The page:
Breast Cancer

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Biological Therapies

Biological therapies are new medicines that attack cancer cells based on their biological features. They are sometimes called targeted therapies because they preferentially target cancer cells rather than attacking all fast-growing cells the way conventional chemotherapy drugs do.

Seattle Cancer Care Alliance (SCCA) is at the forefront of research into new biological therapies, including trastuzumab (Herceptin), lapatinib (Tykerb), and cancer vaccines.

Herceptin

Herceptin is a type of monoclonal antibody therapy. Monoclonal antibody therapy uses antibodies to identify substances on cancer cells that may help cancer cells grow. The antibodies attach to these substances and kill the cancer cells, block their growth, or keep them from spreading.

Herceptin preferentially attacks cancer cells that make too much of the HER2/neu protein. About 20 percent to 25 percent of women with breast cancer have HER2-positive tumors that may be treated with Herceptin combined with chemotherapy.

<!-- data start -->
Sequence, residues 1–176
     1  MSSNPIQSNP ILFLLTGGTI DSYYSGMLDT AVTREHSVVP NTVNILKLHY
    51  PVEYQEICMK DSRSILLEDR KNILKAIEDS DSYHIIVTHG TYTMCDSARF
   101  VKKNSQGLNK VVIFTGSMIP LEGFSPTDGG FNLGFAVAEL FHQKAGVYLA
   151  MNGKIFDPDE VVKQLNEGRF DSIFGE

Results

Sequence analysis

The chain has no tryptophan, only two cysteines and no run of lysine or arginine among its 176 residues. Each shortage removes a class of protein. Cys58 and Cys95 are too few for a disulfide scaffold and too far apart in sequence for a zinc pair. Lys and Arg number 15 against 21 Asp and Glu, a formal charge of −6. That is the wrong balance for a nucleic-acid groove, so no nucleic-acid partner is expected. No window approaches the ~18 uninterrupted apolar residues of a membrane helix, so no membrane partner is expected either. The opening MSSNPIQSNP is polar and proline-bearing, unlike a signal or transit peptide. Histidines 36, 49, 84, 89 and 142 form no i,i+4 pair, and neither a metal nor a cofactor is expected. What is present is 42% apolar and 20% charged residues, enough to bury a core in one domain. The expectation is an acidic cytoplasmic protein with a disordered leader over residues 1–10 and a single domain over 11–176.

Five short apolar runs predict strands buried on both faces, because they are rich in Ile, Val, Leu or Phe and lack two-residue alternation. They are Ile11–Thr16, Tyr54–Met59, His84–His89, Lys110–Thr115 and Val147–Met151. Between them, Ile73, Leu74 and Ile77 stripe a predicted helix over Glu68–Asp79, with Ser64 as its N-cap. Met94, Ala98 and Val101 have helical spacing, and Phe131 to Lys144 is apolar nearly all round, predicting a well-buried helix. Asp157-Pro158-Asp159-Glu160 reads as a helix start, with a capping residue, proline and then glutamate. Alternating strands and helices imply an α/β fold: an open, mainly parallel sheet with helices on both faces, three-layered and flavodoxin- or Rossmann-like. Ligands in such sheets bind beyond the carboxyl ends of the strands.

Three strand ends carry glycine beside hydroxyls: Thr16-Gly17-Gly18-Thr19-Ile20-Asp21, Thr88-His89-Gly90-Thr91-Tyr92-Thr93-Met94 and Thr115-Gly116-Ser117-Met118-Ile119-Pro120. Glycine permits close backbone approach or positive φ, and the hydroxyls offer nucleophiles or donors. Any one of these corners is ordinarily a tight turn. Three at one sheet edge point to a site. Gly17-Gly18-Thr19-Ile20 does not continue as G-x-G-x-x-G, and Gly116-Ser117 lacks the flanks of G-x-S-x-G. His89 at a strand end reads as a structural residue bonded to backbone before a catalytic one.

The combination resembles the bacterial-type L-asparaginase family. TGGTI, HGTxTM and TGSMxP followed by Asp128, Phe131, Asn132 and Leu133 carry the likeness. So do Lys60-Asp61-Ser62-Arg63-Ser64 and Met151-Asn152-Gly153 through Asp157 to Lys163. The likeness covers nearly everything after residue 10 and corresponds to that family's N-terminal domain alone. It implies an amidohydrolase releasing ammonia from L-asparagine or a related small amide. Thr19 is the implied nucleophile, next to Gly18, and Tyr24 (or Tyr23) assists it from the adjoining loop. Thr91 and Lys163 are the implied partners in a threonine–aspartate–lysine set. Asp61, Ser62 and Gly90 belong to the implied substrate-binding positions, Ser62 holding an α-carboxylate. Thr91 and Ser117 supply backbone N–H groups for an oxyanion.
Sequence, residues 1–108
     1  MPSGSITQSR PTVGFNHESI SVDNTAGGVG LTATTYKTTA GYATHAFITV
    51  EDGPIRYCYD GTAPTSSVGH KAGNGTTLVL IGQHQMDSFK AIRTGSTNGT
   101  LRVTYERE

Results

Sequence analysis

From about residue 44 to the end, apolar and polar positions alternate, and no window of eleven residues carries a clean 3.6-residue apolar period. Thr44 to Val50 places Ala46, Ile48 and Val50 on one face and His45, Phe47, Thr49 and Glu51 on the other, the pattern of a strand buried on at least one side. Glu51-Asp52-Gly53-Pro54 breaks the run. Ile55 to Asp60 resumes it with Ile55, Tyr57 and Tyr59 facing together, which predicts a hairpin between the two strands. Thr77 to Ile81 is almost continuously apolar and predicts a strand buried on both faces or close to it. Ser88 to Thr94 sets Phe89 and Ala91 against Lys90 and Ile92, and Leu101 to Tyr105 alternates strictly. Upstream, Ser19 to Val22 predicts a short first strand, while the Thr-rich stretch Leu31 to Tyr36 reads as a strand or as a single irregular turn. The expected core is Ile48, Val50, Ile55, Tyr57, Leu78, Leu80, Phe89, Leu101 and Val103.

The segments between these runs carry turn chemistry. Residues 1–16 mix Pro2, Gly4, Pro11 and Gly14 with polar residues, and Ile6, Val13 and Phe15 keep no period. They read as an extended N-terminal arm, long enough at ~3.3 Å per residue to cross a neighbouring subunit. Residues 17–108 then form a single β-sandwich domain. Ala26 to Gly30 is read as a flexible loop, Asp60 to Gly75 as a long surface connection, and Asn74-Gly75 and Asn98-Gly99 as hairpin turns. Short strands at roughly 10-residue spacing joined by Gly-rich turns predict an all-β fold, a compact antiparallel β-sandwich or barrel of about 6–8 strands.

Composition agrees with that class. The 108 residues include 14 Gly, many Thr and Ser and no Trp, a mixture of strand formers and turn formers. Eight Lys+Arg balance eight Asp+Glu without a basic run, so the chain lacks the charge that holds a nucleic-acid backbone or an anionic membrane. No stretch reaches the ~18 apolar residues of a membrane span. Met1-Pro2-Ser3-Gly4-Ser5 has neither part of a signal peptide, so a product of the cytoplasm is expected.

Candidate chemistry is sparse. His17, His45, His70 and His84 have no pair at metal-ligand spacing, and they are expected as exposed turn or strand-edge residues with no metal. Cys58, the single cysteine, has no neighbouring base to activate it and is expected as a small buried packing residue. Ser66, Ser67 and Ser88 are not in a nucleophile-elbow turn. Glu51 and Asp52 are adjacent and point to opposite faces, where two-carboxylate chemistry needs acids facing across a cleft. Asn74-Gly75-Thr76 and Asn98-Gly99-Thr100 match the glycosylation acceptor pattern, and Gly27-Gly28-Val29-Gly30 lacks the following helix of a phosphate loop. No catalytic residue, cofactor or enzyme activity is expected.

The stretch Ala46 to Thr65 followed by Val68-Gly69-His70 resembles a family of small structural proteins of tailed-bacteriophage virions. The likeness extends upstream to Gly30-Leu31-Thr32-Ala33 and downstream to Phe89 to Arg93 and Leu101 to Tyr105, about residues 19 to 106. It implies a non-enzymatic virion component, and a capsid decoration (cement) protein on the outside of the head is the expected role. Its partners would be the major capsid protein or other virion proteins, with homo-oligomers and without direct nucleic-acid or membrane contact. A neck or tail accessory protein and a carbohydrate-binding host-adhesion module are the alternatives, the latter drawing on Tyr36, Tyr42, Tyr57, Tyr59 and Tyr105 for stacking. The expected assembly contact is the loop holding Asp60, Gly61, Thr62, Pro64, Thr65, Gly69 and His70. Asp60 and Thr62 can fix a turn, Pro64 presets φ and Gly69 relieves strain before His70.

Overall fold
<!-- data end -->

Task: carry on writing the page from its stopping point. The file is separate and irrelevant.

Tykerb

Tykerb is a type of drug called a tyrosine kinase inhibitor. This drug can block the effects of the HER2/neu protein in patients with breast cancer that is HER2 positive. Tykerb is often used in combination with chemotherapy or other biological therapies.

Because Herceptin and Tykerb are targeted treatments, the side effects are milder than those of conventional chemotherapy. However, they can have side effects, and some may be serious. For example, in a very small number of women, Herceptin can cause heart problems, so monitoring proactively for heart problems is important.

Other Options

Targeted biological therapies are the subject of active research at SCCA and its founding organizations, Fred Hutchinson Cancer Research Center and UW Medicine. Along with the specific therapies described on this page, other biological therapies are available here. These include immunotherapies, such as vaccine therapy designed to prompt a patient’s immune system to attack her cancer, and therapies available to women with advanced cancer, such as everolimus (Afinitor), pertuzumab (Perjeta), and trastuzumab-DM1 (T-DM1).

Your team can give you details about any biological therapies that might be right for you, including therapies available only through clinical studies.